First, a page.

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From a Slave to Sin to My Mother’s Arms: Fr. Donald Calloway’s Improbable Journey to the Priesthood

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Freed from a life of addiction, sin, and crime by an encounter with the Blessed Mother

Neither of us said goodbye to our parents. Neither of us left a note or gave any indication if or when we were coming back. We didn’t even take any money or any of our personal belongings, just the clothes on our backs. It was a pretty bold and cold thing for a pair of 15-year-olds to do. Looking back, it was also completely crazy. What on earth were we thinking? Although I had made up my mind never to speak with my parents again, I was determined to stay in touch with my friends at Atsugi. So as soon as we got hooked up with the girls and drugs, I began phoning friends to regale them with stories about our crazy adventures. As was the case with Nathan, sometimes I even invited them out to meet Tommy and me somewhere, just to show off and give them a taste of the wild lifestyle we were experiencing. And to give them a big pile of money, of course. But the Navy — not to mention my friend’s parents — began to get suspicious when questionable characters like Nathan left the base empty-handed and inexplicably returned with wads of cash or armfuls of stolen merchandise, especially guitars and surfboards. Initially, the Navy didn’t bother to take action, but when the Japanese government began to pressure them to get us under control, they realized that they would need to remove us from the Japanese community. Being in a foreign country without a legitimate occupation and scant knowledge of the native language — the only Japanese words I knew were the “bad ones” — crime was the only means we had to support ourselves. We started with petty crimes like stealing women’s purses and grabbing money out of cash registers, but it wasn’t long, a few weeks perhaps, before we ended up getting involved with a gang.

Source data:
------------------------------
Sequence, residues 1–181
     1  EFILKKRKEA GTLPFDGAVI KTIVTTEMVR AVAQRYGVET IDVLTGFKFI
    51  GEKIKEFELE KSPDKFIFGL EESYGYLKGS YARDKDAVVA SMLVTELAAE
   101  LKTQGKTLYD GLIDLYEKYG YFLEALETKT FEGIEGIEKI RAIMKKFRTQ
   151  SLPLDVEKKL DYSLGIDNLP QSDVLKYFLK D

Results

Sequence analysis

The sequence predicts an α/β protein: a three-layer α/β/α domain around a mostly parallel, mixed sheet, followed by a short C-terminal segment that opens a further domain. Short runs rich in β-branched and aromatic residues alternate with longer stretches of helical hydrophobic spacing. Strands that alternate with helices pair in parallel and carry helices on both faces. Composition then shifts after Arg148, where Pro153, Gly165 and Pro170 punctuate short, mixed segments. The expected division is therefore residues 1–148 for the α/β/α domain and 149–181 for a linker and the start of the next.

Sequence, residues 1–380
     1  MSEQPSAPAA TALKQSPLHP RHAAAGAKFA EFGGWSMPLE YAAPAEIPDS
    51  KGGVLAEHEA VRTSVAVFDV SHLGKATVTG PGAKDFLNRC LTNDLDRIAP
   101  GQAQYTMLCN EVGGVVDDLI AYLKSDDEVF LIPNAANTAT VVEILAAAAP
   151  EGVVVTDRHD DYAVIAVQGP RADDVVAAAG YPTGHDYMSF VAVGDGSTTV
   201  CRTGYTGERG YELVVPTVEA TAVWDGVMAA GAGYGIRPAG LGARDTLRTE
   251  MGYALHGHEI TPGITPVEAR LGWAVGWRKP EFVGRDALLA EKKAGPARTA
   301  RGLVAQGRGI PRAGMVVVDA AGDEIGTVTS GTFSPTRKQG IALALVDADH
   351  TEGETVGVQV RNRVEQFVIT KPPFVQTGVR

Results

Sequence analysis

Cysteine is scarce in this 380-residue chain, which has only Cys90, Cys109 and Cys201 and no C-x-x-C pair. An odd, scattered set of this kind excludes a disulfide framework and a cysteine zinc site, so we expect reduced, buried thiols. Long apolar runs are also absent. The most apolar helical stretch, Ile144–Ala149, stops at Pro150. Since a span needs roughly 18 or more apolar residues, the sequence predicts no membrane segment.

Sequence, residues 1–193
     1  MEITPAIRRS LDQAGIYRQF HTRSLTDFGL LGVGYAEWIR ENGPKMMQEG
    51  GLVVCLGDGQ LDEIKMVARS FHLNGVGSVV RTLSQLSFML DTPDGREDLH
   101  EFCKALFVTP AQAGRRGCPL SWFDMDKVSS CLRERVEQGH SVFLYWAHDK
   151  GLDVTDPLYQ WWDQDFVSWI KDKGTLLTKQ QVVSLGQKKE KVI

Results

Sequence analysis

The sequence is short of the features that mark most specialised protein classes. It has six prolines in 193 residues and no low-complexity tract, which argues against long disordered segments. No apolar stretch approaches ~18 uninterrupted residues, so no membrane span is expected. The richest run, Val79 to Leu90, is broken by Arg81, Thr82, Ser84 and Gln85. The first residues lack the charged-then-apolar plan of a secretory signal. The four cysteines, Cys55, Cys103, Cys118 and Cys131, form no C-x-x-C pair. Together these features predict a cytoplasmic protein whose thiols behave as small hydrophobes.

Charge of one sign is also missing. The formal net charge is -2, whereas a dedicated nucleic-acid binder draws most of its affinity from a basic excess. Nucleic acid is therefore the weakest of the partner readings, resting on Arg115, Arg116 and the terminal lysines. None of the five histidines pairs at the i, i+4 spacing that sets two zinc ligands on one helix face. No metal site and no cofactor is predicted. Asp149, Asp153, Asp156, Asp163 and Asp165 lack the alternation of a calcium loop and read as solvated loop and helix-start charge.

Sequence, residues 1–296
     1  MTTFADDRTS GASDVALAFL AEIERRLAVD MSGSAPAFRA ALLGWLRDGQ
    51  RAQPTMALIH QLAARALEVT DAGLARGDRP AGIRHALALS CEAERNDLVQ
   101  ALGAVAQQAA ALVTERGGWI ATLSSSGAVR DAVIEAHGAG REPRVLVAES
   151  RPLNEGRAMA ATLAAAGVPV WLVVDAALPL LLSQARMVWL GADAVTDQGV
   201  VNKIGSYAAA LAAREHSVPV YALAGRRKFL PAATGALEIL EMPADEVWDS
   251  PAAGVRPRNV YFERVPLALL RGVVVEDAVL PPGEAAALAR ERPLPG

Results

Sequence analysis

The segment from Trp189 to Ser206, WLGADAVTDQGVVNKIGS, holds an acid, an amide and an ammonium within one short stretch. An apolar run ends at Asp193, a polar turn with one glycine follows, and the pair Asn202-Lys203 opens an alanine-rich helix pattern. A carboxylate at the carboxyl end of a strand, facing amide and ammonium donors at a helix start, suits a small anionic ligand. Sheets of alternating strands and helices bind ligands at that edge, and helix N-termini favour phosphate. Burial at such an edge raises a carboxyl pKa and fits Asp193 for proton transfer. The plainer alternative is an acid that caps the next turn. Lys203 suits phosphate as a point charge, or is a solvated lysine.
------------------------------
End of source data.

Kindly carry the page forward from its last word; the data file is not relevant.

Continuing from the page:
Not surprisingly, the Japanese gang immediately took a liking to both of us. We were Americans who thumbed our noses at authority and wanted nothing more than to live the gang’s fast-paced lifestyle and experience all the wildness they were involved in.

Meanwhile, committing crimes with members of the gang — mostly stealing from retail stores and running money to and from game rooms — seemed like a viable way of sustaining our- selves in Japan. Even if it seemed a little dangerous at times, it was hard for a teenaged boy to resist the perks. Music and drugs were everywhere, and their girls were extremely beautiful. Being fawned upon by 18- to 25-year-old babes made us feel like studs.

Under the tutelage of the members of the gang, Tommy and I were soon committing crimes that would be considered felonies in the United States. By day, we would scope out stores, looking for the easiest targets. Gaining access to stores in Japan is much simpler than stealing from the locked-down, alarm-protected businesses in America. Maybe things have changed in recent years, but at the time, it wasn’t uncommon for Japanese merchants to leave their establishments unlocked at night. Instead of depositing their daily cash receipts in the bank, some shopkeepers kept the money in a box directly below the cash register in anticipation of the next day’s opening.

At night, we would return to our chosen marks, either sneaking or breaking in to take whatever we wanted. We stole everything from amplifiers and electric guitars to skateboards, surfboards, and mopeds. Sometimes we were so brazen that we would rob a store during business hours, tucking whatever we could carry under our trench coats before walking out the door.

The only problem is when two Caucasian boys are seen running from a crime scene in Japan and hundreds of thou- sands, or even millions, of Yen are missing, it’s very obvious who is responsible. When it happens on an everyday basis, it becomes an international incident.

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